What do we mean by the Middle East – east of where, and why? How should we go about studying the political aspirations and agency of almost half a billion people? To what extent are their fates tied to great power politics, and how can we account for phenomena of cooperation and solidarity in their regional affairs? Can we draw a clear line between the local and the global in Middle East politics?
This module will help students deliberate all these questions, by placing the modern Middle East in its global context without losing sight of local and regional dynamics, cultures, and political traditions. We will explore histories of empire and decolonisation, alongside themes of hegemony and resistance, conflict and cooperation, identity and foreign policy. The module is informed by critical engagement with theories of international relations.
The course begins with an exploration of the different historical phases of interaction between Middle East states and the international system. These are divided into the colonial, decolonisation, and post-Cold War periods. Lectures and tutorials will cover the early settler colonies, Britain’s informal empire in the Gulf, and the Anglo-French mandates, as well as the emergence of Turkey and Israel, and the challenge represented by the pan-Arabist revolutionary states, followed by discussion of the Middle East’s place in the post-Cold War unipolar era. We will discuss each of these phases in tandem with relevant paradigms from international relations theory used to study the Middle East in its international context. The module then moves to tackle key themes in international relations, such as transnationalism, international political economy, and the politics of security, before taking a closer look at key actors in regional foreign policy making. It closes by addressing contemporary challenges that have arisen since the Arab uprisings. Over the three weeks, module activities, debates, and fieldtrips will enhance both teaching and learning on the module.
On successful completion of the module, students should be able to:
- Demonstrate familiarity and critical engagement with the theories of international relations and foreign policy analysis relevant to themes in Middle East regional and international politics;
- Demonstrate a strong grasp of the history of the region since its emergence as a modern state system at the turn of the last century;
- Demonstrate familiarity with the relevant theoretical debates and empirical cases pertaining to issues of Middle East regional and international politics;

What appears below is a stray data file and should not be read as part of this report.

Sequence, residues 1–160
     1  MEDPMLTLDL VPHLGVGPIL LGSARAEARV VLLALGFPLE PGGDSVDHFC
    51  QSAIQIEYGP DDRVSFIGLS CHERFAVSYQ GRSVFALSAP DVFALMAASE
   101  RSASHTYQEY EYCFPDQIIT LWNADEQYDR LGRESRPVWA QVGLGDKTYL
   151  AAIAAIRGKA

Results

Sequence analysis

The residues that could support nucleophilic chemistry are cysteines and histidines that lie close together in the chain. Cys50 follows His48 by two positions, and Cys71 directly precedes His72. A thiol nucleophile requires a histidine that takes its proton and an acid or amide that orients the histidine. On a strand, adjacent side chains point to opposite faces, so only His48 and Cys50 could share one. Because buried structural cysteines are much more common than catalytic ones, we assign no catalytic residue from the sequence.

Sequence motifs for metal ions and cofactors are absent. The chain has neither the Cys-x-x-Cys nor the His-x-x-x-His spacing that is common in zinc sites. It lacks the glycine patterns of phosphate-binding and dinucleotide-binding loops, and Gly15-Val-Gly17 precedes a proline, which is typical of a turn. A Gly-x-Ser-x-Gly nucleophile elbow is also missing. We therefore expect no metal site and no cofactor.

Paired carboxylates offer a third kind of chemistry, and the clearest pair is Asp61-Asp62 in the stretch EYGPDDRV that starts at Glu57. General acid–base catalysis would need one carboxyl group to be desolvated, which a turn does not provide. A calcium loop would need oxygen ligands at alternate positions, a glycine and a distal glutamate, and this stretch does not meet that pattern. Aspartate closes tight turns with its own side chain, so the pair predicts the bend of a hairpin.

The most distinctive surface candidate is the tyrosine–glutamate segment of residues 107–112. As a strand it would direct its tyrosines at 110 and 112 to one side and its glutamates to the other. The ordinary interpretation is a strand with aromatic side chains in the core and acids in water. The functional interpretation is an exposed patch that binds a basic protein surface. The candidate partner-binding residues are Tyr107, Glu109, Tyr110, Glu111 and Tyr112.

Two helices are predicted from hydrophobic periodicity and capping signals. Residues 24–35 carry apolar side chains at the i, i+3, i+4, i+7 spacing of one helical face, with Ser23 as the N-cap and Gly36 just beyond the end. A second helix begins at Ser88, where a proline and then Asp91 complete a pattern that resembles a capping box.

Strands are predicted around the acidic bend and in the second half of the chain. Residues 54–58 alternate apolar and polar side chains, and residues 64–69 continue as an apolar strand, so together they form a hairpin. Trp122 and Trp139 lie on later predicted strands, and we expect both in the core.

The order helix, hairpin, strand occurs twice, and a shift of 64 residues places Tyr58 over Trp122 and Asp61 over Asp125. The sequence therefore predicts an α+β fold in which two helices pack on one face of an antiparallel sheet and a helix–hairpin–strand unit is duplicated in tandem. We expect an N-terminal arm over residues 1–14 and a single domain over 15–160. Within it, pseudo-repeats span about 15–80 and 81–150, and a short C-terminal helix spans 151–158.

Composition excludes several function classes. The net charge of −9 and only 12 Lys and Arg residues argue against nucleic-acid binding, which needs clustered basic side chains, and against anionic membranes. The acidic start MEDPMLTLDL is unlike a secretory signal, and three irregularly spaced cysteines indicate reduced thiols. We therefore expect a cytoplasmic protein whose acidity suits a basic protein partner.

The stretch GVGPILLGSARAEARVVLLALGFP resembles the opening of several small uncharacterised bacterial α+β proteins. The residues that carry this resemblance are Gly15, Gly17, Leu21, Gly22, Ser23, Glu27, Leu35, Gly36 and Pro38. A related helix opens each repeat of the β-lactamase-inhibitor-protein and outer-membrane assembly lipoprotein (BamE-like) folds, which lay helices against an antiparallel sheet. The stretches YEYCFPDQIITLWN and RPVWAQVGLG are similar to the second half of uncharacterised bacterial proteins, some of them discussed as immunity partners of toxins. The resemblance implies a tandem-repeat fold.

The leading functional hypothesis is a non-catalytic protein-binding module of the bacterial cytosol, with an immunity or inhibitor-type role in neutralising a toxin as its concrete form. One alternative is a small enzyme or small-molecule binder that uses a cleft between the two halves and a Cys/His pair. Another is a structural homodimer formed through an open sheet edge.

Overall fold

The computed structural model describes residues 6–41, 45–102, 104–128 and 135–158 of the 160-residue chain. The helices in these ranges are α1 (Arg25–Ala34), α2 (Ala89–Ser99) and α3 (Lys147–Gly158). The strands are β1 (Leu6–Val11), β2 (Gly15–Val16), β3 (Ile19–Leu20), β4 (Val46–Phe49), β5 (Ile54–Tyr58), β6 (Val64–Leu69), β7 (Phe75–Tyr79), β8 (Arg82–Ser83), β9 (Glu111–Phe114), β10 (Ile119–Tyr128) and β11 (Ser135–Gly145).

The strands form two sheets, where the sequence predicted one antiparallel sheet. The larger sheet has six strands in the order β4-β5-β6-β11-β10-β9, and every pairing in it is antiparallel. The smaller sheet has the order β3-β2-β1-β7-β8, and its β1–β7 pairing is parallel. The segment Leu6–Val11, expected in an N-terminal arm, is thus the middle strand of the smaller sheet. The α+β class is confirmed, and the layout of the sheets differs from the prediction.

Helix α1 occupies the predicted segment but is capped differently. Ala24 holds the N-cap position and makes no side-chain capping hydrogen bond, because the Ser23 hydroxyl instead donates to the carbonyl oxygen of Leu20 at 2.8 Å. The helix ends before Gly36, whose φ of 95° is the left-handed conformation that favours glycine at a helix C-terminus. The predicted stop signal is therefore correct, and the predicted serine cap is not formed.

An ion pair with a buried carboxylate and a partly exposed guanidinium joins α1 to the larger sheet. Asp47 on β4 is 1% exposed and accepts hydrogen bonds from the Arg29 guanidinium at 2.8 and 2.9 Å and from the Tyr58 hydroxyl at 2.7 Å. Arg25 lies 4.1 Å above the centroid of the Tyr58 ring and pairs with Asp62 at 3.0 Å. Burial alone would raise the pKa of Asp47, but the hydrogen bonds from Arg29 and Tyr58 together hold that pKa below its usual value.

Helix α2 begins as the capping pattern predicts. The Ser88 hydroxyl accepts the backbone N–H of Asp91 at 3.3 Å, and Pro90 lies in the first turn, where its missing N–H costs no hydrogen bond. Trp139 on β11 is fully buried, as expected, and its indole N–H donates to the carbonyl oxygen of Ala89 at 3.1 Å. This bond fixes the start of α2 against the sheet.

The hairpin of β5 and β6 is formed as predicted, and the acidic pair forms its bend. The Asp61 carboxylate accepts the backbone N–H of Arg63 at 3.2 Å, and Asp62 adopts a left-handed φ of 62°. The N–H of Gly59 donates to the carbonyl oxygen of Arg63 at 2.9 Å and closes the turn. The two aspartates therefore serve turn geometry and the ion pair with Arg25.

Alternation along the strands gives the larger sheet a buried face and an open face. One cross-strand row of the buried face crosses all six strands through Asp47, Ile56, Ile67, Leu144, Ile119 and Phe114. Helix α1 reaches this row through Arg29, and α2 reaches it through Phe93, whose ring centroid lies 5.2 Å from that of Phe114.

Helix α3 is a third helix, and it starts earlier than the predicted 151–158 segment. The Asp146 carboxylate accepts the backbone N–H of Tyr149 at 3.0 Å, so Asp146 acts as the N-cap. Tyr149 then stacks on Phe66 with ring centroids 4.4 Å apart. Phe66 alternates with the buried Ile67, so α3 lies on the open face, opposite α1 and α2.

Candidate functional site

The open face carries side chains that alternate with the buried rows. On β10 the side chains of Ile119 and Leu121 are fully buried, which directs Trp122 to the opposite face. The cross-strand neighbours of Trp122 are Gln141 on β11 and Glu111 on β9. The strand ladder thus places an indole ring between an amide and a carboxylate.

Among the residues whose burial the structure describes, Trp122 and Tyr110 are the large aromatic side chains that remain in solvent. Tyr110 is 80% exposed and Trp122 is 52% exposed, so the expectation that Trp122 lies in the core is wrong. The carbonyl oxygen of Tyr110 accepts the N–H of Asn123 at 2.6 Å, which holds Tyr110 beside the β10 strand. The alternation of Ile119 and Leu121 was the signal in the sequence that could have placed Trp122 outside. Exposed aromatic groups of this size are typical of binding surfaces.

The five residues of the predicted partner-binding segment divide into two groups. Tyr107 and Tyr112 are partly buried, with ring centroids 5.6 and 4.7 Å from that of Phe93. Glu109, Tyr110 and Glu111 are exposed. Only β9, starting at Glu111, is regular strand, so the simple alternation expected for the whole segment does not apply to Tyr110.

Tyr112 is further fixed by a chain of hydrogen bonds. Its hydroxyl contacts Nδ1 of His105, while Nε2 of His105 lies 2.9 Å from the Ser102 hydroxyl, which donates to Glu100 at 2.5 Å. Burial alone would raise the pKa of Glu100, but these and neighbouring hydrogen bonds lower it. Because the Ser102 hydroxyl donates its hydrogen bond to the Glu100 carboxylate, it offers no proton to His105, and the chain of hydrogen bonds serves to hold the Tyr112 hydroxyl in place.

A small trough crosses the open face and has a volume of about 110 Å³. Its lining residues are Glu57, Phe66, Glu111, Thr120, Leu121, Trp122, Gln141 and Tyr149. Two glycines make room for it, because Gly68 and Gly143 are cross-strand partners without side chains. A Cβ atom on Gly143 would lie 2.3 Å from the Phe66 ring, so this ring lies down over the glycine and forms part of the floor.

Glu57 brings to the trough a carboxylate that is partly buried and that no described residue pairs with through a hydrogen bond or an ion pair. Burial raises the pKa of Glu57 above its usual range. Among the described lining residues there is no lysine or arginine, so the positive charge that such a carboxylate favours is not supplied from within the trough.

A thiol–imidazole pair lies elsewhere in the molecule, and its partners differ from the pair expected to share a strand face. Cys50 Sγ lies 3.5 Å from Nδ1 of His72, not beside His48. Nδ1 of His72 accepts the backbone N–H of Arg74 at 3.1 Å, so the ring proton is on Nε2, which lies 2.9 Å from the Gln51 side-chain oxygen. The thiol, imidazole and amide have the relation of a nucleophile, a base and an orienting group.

- Marshal empirical evidence in argument-driven presentations in class
- Inspire students to continue with further study or interest in the Middle East.
The unique and vibrant cultural landscape of London provides the perfect setting for the activities that complement this module. These usually include a guided tour of the Mosaic Rooms Gallery and QnA with the Director, a guided tour of the British Museum’s Islamic Art Gallery and QnA with its lead Curator, film screenings followed by discussion, and seminars delivered by human rights practitioners and democracy activists from the Middle East. The activities are designed to enhance learning outcomes, and to foster rapport within the classroom, forming some of the highlights of the course. Activities’ precise times and venues are confirmed in the month prior to the start of the module.
Dr Reem Abou-El-Fadl is Lecturer in Comparative Politics of the Middle East at SOAS, University of London. She teaches courses on the Comparative Politics and International Relations of the Middle East, and is a Fellow of the Higher Education Academy. She was previously Lecturer at Durham University and Jarvis Doctorow Junior Research Fellow at St Edmund Hall, University of Oxford.
Her research examines nationalism and foreign policy in Turkey and Egypt, and the politics of transnational solidarity and pan-Arabism in Egypt, comparing the Nasser and Sadat periods. She is the author of Foreign Policy as Nation Making: Turkey and Egypt in the Cold War published in 2018 by Cambridge University Press. She is also the editor of Revolutionary Egypt: Connecting Domestic and International Struggles (Routledge, 2015), and co-editor of the Egypt page at jadaliyya, the academic e-zine of the Arab Studies Institute. Her work has appeared in Nations and Nationalism, British Journal of Middle Eastern Studies, Journal of Palestine Studies, and the International Journal of Transitional Justice, among other venues.
Students are usually able to obtain credits from their home institution and typically our courses receive 3 credits in the US system and 7.5 ECTS in the European system. If you intend to claim credits from your home institution, please check the requirements with them before you enrol. We will be happy to assist you in any way we can, however please be aware that the decision to award credits rests with your home institution.
Assessment will be optional and will vary for each course. Participants will be provided with a certificate of attendance and a Record of Study will be available on request.
For more information, please fill out our enquiries form
Venue: Russell Square: College Buildings
Start of programme: 1 July - 19 July 2019
Mode of Attendance: Full-time
- 3 weeks
Tuition Fees 2019
- Tuition fee:
Dr Reem Abou-El-Fadl Convenor